On February 14, 2018, representatives from the Deans Working Group and a number of students met to discuss appropriate policy responses to the events of August 11th and 12th. In the rotunda, the Deans Working Group representatives discussed implications of proposed policy changes, and sought candid responses from those the proposed policy would impact the most – students of the University of Virginia. The overview of the suggested policy began with the acknowledgement that although there is a constitutional obligation to allow free speech, policies can be made to deal with the time, place, and manner of this speech, which are exemplified at many private and even public schools around the country.
Then, the changes to the policy were discussed thoroughly: there would be a shift from the mere two rules at present (no amplified sound, and no disruption of school activities), to a number of different policy adaptations relevant to the access unaffiliated persons have to gather to speak or protest on grounds. It was stressed that there would be no changes for those affiliated with the school (students, staff, and faculty). They presented extreme policy change suggestions, but only after recognizing the distinctly vast spectrum of changes being discussed. The purpose of the discussion was to find a middle ground, and to receive student feedback on whether said policy seemed as such. The (abbreviated for length) proposed policy is as follows:
University facilities may be made available on a first come, first serve basis (with priority given to students over unaffiliated persons), an unaffiliated person(s) needing to be sponsored by a student group/organization/department to speak in a facility. Unaffiliated persons desiring to engage in public speaking or the distribution of literature outdoors may do so in designated locations. Persons wishing to do so must contact the school’s event planning services at least 7 days in advance. The Event Planning Services will have the right to only allow reservations for two-hour blocks between 9am and 5pm, Monday through Friday, and only for parties up to 25 people.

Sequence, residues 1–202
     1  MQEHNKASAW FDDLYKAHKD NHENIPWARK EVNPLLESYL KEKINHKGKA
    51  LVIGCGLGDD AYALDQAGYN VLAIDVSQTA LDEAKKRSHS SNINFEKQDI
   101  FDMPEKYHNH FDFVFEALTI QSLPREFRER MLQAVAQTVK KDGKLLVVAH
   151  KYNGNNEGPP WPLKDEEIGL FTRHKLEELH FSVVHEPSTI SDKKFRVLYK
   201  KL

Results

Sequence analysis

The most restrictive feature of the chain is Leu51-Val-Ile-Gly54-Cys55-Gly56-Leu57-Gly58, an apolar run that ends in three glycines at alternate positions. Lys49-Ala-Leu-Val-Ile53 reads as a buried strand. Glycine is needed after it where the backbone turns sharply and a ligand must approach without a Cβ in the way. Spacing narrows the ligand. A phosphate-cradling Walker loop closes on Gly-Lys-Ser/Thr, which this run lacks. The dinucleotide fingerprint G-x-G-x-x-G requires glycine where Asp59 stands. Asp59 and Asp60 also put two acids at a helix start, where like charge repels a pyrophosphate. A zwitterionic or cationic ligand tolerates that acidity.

In essence, an unaffiliated group intending to come protest on Grounds would have to call at least a week in advance. Said group should not consist of more than 25 people, and can only come on Grounds for a 2-hour period on a weekday between 9 and 5, in a specific location designated by the school. After reviewing the policy plan, the event turned into a student-led discussion to discuss different implications of the policy, as well as personal opinions revolving around it.
The feedback session was not meant to be a binary policy or no policy vote, but rather an open-ended dialogue. Students’ opinions exceedingly varied, but all contained insight and acuity: Many believed that this policy was a necessary response to prevent something like the events of August from ever being repeated, and felt that the proposed policy would allow for easier monitoring of unaffiliated persons without hindering any of the rights of the students. Other students believed that the policy was complicated and not something that could ever be effectively regulated. One student even claimed that the extreme measures were inherently against what the University stood for: being a historical place open for the education of all people, no matter their status as students.
The majority of students ended up falling in between the current and proposed policy: they felt the current policy was not enough, but that the proposed policy was farfetched and unnecessarily extreme. The proposed policy also had a great deal of implication issues, as was pointed out by many students. Are they restricting or permitting specific locations? Is it fair to working people to only allow for weekdays/limited hours – nonspecifics that could be used to discriminate? What constitutes protest? Will the policy cover general assembly, petitions and silent protest (these were not acknowledged but are first amendment rights)? What enforcement mechanisms will be utilized? Will pop-up counter protests be allowed? What if unaffiliated persons want to protest alongside students?
These discerning questions will certainly cause some rephrasing within the proposed policy. I had only heard of the proposed policy at this event, but as exemplified by the profound thoughts of the students present, it is something I believe we all need to be talking more about.